A Wrinkle in Time (The Time Quintet #1)
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A Wrinkle in Time (The Time Quintet #1)

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4.04 of 5 stars 4.04  ·  rating details  ·  383,556 ratings  ·  12,335 reviews
It was a dark and stormy night; Meg Murry, her small brother Charles Wallace, and her mother had come down to the kitchen for a midnight snack when they were upset by the arrival of a most disturbing stranger.

"Wild nights are my glory," the unearthly stranger told them. "I just got caught in a downdraft and blown off course. Let me sit down for a moment, and then I'll be o...more
Paperback, 247 pages
Published May 1st 2007 by Square Fish (first published January 1st 1962)
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The Lion, the Witch, and the Wardrobe by C.S. LewisA Wrinkle in Time by Madeleine L'EngleAnne of Green Gables by L.M. MontgomeryWinnie the Pooh by A.A. MilneThe Secret Garden by Frances Hodgson Burnett
buried treasures: classics of children's literature
2nd out of 212 books — 81 voters
The Hunger Games by Suzanne CollinsVampire Academy by Richelle MeadGraceling by Kristin CashoreCatching Fire by Suzanne CollinsCity of Bones by Cassandra Clare
Kick-Butt Heroines
126th out of 1,601 books — 1,885 voters


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Community Reviews

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Sara
the book that first inspired me to tentatively pick up my pencil and my marbled black-and-white composition notebook (remember those?) and write (in 4th grade). the influence l'engle herself and her work have had on my life cannot be understated. i met her many many years later, during college, when she was well into her 80s, but she was exactly as i pictured her-- spirited, engaging, challenging. when i (very nervously and shyly) told her that she gave me my first inspiration to write, she look...more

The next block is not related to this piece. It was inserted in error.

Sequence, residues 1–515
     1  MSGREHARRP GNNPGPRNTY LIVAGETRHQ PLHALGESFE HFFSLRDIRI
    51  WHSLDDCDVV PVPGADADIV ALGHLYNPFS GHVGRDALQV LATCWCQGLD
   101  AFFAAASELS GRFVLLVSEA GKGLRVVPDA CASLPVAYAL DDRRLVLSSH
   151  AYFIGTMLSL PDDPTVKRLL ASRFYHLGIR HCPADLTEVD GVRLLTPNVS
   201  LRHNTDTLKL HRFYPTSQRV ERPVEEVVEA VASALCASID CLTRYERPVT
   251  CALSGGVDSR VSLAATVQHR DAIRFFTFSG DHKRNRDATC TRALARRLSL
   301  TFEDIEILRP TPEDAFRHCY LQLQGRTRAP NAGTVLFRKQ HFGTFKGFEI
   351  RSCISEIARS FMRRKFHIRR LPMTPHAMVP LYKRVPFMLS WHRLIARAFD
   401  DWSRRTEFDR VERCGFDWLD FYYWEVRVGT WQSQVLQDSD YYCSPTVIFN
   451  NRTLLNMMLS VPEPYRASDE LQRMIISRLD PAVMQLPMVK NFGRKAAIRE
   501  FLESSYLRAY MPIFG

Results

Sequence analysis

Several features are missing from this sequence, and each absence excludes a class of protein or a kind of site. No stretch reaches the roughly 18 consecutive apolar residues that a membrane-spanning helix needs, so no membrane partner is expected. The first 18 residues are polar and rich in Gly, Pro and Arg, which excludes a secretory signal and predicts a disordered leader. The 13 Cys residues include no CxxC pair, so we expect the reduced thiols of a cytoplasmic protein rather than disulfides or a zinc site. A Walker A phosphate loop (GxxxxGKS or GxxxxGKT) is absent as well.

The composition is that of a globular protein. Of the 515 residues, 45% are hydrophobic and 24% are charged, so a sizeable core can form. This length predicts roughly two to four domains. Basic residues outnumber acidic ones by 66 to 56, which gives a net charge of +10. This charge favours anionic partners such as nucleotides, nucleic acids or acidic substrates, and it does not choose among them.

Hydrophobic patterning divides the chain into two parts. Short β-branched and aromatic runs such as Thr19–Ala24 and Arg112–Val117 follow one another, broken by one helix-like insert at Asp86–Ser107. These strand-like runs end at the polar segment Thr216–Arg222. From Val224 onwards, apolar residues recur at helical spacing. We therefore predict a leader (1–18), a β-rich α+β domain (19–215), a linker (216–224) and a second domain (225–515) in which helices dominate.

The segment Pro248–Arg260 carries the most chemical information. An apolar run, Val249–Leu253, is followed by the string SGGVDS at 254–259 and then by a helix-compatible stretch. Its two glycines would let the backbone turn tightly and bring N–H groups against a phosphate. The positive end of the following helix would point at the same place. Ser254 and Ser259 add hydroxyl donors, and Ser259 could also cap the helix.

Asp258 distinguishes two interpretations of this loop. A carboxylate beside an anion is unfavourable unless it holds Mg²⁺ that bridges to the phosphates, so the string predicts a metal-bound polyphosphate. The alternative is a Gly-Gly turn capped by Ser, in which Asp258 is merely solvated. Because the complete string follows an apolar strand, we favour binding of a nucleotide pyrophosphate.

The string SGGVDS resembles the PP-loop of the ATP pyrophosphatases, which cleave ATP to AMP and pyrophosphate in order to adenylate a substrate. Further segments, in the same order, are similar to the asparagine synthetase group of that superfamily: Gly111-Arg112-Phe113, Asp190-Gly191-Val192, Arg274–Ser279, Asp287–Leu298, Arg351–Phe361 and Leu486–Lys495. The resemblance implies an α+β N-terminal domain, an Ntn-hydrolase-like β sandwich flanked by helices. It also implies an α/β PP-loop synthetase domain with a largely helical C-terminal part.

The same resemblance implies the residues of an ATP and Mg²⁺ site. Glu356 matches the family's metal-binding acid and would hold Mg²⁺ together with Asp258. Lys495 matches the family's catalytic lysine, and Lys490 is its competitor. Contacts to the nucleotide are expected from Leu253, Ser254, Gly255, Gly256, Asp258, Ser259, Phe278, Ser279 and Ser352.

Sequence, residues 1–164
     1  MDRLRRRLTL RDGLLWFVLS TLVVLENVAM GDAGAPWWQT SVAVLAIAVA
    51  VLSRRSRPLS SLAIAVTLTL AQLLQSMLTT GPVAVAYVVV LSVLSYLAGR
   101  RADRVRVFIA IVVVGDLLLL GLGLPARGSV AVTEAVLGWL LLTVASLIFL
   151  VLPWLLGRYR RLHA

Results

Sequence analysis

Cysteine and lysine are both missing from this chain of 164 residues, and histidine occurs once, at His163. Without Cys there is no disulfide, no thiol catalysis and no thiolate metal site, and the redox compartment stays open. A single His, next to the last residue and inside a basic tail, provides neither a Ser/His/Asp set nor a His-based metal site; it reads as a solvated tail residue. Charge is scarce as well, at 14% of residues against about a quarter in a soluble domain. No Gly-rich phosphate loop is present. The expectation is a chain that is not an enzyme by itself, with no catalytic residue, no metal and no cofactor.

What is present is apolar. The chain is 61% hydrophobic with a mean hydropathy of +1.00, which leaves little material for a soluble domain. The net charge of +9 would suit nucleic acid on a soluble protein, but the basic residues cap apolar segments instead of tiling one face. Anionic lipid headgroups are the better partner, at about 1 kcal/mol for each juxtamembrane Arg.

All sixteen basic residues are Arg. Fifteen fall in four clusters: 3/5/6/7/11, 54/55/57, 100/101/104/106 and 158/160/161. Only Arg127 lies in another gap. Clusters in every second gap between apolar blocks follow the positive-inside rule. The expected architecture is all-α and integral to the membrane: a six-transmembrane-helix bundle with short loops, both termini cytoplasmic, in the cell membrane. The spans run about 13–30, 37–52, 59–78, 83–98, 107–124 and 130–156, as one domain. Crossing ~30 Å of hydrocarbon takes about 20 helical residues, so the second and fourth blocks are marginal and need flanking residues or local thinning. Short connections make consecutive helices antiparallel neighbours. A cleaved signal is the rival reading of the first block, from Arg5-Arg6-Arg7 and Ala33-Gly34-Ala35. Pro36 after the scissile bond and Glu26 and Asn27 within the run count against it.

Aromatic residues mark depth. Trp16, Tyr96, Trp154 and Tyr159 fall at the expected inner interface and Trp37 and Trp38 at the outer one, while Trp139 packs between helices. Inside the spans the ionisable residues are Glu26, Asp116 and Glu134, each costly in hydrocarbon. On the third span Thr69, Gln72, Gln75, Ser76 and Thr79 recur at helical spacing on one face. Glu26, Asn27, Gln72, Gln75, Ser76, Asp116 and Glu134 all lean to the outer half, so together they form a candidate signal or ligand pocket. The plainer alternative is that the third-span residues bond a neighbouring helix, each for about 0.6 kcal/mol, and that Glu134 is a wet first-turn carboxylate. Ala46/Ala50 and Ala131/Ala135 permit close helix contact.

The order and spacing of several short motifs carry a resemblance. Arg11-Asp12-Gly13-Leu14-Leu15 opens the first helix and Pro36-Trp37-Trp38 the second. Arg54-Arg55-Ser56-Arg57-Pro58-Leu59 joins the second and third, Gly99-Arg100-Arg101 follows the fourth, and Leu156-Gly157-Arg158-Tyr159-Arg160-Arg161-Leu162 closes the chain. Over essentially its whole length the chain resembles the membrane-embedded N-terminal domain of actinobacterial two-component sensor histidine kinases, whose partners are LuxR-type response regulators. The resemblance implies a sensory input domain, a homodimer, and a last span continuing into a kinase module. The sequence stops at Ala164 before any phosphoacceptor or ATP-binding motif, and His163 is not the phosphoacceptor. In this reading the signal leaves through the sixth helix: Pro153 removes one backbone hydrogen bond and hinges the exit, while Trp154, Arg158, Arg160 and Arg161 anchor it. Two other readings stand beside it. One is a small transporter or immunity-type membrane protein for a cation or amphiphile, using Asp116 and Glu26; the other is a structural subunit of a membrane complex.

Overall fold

RandomAnthony
So 41 of my goodreads friends have read A Wrinkle in Time, but I never picked up the book until these past few weeks. I’m not sure how this novel and I slipped past each other in my youth. I’m guessing that since the main character was a girl I wasn’t that interested in middle school and when I grew older the science fiction elements didn’t appear strong enough to snag my interest. Oh well. Last weekend I bought A Wrinkle in Time at a Borders near the Seattle airport. I wanted the novel to get m...more
Madeleine
I have one general, self-imposed rule about reviewing on this site: I write about the books I've read in the order I've finished them. By that logic, I should be cobbling together my reaction to Hunger right now but I am so taken by this childhood staple that there's no room in my brain for anything other than uncontrollable glee over this book that another Madeleine has given to the world.

I never read this book as a kid. I didn't read it as a teenager or a college student. I read it for the fi...more
Savannah
Aug 16, 2007 Savannah rated it 4 of 5 stars  ·  review of another edition Recommends it for: Children, teens, YA, readers
Shelves: majorinfluences
Madeleine L'Engle is a Christian writer, more so even than C. S. Lewis in my opinion. However, while the influence of Christian Theology (and in later books, biblical history) is woven throughly through out all the books in this series, it is not offensive to non-Christian readers. I am one of those.

To be completely honest, when my mother first read me this when I was about 7 years old, I was totally oblivious to the influence L'Engle's faith has on her writing. It wasn't until I was twelve or...more
Michael
[Later note: Had discussion with author about this book and why it means so much to so many people—specifically women. Also read excellent NYTimes piece about the fiftieth anniversary.

Some books are powerful for their readers because of their context; in this case, the utter lack in popular kid's literature of 1962 of characters like Meg—real girls, who cared about atypical subjects like math, who were unashamed to be other than pink-wearing cheerleaders. To find a powerful role model in a nove...more
Bryon
I started reading "A Wrinkle In Time" when I was 8 or 10. I say started because I never finished it. I can't remember exactly why, but I think it kind of scared the crap out of me. Now, 15 or 17 years later, I've read it again (this time the whole thing) and there's really nothing scary at all about it. It's possible that, as a kid, I was somehow relating this book to the terribly scary Disney movie "Something Wicked This Way Comes". Again, I don't know why.